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Beginning with “So”
Posted: 05 May 2017 06:45 PM   [ Ignore ]
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In recent years the word “So”, to begin an answer to a question, seems to have become overused and maybe used in a different manner at times. Where did it start, and why? It seems to have taken over the word “Well” in some instances. I found the following article, which answers my question pretty well, but it still annoys the hell out of me, because it is used so much on American news shows today.

http://www.npr.org/2015/09/03/432732859/so-whats-the-big-deal-with-starting-a-sentence-with-so

If this has been discussed, please link.

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Posted: 05 May 2017 07:15 PM   [ Ignore ]   [ # 1 ]
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The article doesn’t mention Seamus Heaney’s 2000 translation of Beowulf, which begins:

Hwæt we Gar-Dena in gear-dagum
þeod-cyninga þrym gefrunon
hu ða æþelingas ellen fremedon.

(So. The Spear-Danes in days gone by
and the kings who ruled them had courage and greatness.
We have heard of those princes heroic campaigns.)

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Posted: 05 May 2017 09:49 PM   [ Ignore ]   [ # 2 ]
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So what?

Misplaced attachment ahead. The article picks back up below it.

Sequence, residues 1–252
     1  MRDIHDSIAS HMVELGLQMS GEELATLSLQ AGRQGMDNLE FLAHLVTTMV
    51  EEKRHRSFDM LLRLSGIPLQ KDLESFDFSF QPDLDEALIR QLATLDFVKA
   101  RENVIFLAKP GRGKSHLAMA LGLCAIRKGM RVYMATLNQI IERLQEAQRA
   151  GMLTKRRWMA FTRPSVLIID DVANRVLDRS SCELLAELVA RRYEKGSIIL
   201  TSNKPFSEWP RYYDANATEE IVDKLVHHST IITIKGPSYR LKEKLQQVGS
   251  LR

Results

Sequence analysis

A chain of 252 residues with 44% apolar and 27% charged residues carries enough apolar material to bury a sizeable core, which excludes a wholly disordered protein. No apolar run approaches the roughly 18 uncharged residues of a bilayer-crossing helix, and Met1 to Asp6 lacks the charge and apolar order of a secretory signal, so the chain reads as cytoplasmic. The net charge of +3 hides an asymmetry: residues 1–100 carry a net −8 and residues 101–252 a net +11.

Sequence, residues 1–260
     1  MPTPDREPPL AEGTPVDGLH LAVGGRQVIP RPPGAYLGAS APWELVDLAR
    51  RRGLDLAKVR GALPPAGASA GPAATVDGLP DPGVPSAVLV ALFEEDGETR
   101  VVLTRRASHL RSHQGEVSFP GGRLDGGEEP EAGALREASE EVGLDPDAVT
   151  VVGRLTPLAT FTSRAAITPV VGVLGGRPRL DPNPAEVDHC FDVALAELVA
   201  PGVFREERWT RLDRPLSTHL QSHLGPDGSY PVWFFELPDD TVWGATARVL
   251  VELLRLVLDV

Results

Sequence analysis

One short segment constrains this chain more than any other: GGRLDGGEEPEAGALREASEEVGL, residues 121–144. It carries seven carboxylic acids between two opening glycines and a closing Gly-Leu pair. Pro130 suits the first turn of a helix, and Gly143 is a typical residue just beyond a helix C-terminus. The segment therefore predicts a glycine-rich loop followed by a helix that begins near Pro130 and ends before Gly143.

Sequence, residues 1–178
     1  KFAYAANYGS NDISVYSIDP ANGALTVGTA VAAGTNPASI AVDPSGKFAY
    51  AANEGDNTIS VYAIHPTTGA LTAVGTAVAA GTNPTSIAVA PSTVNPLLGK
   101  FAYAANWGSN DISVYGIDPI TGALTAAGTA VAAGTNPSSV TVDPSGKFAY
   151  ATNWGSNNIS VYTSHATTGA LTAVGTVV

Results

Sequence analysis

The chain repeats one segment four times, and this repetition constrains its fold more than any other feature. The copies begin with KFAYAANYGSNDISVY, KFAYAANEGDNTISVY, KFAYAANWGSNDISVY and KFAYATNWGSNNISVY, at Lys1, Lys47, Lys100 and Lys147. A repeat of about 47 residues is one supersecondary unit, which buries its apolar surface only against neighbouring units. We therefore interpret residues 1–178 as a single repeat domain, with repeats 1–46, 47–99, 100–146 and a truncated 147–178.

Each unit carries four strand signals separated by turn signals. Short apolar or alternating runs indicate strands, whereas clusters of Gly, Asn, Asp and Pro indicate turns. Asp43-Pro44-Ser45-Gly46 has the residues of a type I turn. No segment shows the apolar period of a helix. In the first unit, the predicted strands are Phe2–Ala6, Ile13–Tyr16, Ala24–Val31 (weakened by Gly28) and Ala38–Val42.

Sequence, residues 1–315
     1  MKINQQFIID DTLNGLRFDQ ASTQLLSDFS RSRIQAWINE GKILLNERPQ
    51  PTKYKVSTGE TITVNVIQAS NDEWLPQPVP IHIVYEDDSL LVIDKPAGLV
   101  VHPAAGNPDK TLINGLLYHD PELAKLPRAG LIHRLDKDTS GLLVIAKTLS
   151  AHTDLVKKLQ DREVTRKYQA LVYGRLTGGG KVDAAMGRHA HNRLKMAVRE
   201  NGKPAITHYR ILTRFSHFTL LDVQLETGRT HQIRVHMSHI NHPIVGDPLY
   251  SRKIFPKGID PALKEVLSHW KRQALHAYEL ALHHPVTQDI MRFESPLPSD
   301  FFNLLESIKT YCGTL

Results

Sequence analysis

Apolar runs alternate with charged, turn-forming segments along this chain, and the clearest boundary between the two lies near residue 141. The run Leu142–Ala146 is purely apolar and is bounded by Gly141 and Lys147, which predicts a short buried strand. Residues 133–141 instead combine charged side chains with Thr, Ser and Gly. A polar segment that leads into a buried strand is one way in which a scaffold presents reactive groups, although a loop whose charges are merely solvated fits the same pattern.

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Posted: 06 May 2017 04:58 AM   [ Ignore ]   [ # 3 ]
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I dig the humor, Logophile. That is an old usage that does not bug me.

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Posted: 06 May 2017 06:24 AM   [ Ignore ]   [ # 4 ]
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The article doesn’t mention Seamus Heaney’s 2000 translation of Beowulf

Why should it?  That’s utterly irrelevant.

This is a hard thing to talk about because those who are not familiar with it assimilate it to usages they’re familiar with (in which “So...” indicates some sort of logical transition), and don’t understand the phenomenon under discussion.  Just put out of your head any idea of “so” = “consequently” and imagine that every time you ask someone a question they begin their answer with “So.” Of course “every time” is an exaggeration, and it would be interesting to see a linguistic study of it, but as someone who regularly listens to interviews on NPR I am very familiar with (and annoyed by, though I realize that’s purely Fear of the New) the increasing use of this linguistic tic.  Made-up example:

“When did you first realize this?”

“So I was on the subway one day...”

The important thing is that there is zero logical connection that would require or even suggest “So”; it is purely a transition particle.  I too would like to know when it arose and how it spread.

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Posted: 06 May 2017 06:41 AM   [ Ignore ]   [ # 5 ]
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I listened to a podcast recently that went on at length about so (in much more interesting detail than the linked Nunberg article), but for the life of me I can’t find it now. It was probably a Lexicon Valley podcast, but I don’t recognize it from the episode titles.

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Posted: 06 May 2017 06:51 AM   [ Ignore ]   [ # 6 ]
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languagehat - 06 May 2017 06:24 AM



...it is purely a transition particle.  I too would like to know when it arose and how it spread.